A great entry into the world of subcompact luxury crossovers.
The second-generation BMW X1 has garnered global success since its launch in 2016, becoming the brand’s best-selling crossover worldwide. It’s also the third best selling “X” model in Canada behind the X3 (reviewed here) and X5. For 2020, BMW has decided to give it a refresh to keep it going strong on its sales charts until the next generation arrives. The 2020 BMW X1 xDrive28i tested here is painted in a sporty Misano Blue Metallic colour that is new for this year, and optioned with the M Sport Package that adds an M Aerodynamics Package and 19-inch wheels. The LED head and taillights are redesigned for this facelifted model, and the signature BMW kidney grilles feature a larger and more sculpted design. The X1 now looks more similar to its X3 and X5 siblings, and the addition of the M Aerodynamics body kit allows it to resemble a hot hatch rather than yet another boring crossover.
Unchanged from the 2019 model is the transversely mounted 2.0-litre four-cylinder turbocharged engine that is found in all X1 models, producing 228 horsepower at 5,000 to 6,000 RPM, and 258 lb-ft. of torque arriving from 1,450 to 4,500 RPM. The powerful low to mid-range torque delivery means that the X1 is able to get off the line without much lag, and continues to push until around 5,000 RPM. Power is delivered to all four wheels using a responsive eight-speed Stepronic automatic transmission, and BMW claims the X1 xDrive28i will complete a zero to 100 km/h sprint in 6.5 seconds.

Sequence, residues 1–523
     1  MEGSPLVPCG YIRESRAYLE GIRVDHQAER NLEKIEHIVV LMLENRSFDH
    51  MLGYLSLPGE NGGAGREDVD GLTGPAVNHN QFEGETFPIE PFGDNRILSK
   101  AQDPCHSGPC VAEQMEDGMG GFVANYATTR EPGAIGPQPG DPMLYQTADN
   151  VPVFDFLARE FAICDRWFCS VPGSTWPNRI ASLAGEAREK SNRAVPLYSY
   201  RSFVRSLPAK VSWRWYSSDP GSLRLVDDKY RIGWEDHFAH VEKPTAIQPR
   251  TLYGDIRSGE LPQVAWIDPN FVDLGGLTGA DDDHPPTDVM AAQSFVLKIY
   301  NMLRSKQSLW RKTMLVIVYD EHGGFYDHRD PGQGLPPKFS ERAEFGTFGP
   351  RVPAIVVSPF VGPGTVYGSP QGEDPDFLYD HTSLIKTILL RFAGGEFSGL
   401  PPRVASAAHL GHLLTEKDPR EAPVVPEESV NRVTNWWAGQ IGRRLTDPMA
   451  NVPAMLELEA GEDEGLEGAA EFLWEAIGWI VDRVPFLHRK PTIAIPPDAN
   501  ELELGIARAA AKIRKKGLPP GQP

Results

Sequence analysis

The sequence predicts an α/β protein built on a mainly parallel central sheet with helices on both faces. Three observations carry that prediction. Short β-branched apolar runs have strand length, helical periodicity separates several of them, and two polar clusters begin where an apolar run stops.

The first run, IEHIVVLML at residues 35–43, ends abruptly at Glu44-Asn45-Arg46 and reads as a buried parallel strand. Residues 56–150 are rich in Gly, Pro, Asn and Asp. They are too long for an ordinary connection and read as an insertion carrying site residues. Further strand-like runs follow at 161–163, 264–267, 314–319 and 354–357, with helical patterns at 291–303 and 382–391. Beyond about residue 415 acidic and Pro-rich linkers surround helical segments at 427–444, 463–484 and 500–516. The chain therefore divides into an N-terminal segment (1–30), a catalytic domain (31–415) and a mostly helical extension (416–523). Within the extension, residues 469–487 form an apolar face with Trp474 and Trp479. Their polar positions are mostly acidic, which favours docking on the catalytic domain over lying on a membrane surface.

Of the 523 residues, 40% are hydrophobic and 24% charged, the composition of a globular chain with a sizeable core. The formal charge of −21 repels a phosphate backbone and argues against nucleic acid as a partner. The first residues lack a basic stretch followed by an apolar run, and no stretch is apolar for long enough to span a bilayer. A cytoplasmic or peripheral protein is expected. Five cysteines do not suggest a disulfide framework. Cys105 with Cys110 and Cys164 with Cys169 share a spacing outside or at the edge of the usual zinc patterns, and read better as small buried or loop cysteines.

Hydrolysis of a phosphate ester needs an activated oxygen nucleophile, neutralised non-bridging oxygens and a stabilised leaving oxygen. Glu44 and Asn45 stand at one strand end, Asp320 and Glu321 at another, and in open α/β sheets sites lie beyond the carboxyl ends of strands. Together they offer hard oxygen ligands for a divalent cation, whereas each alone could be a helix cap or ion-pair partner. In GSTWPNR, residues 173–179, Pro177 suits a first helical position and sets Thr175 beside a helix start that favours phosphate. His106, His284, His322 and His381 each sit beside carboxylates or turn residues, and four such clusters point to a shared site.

The BMW X1 is one of the more engaging subcompact luxury crossovers in its class. Our tester’s M Sport Package includes an upgraded M Sport Steering system that is nicely weighted with accurate response, and even though it is not as communicative as other BMW products we have come to know and love, it is above average for a segment that is fairly dull and comfort-focused rather than delivering any sort of real engagement.
The current X1 shares its platform with the MINI Countryman, and with a front-based all-wheel-drive system that engages the rear wheels only when slip is detected. Understeer is evident if you push it hard into a corner, but the onboard Dynamic Stability Control system is seamless in transferring power to keep things from getting too far out of hand. There are three drive modes, Comfort, Sport, and Eco Pro, with insignificant difference between each setting except for lethargic throttle response in Eco Pro mode. Given the athletic M Sport Package and the liberal placement of the M badges in the X1, we would have liked to see a performance exhaust system with more snap crackle and pop like the one we experienced in the MINI John Cooper Works Countryman ALL4 (reviewed here).
Fuel economy is 10.7L/100km in the city, 7.5L/100km on the highway, and a combined rating of 9.3L/100km. Our test week took place on a wintry week with heavy snowfall, and we observed an average of 10.9L/100km for our crawling commutes. The BMW X1 recommends premium gasoline with 91-octane, and will accept a minimum of midgrade 89-octane in its 61-litre fuel tank.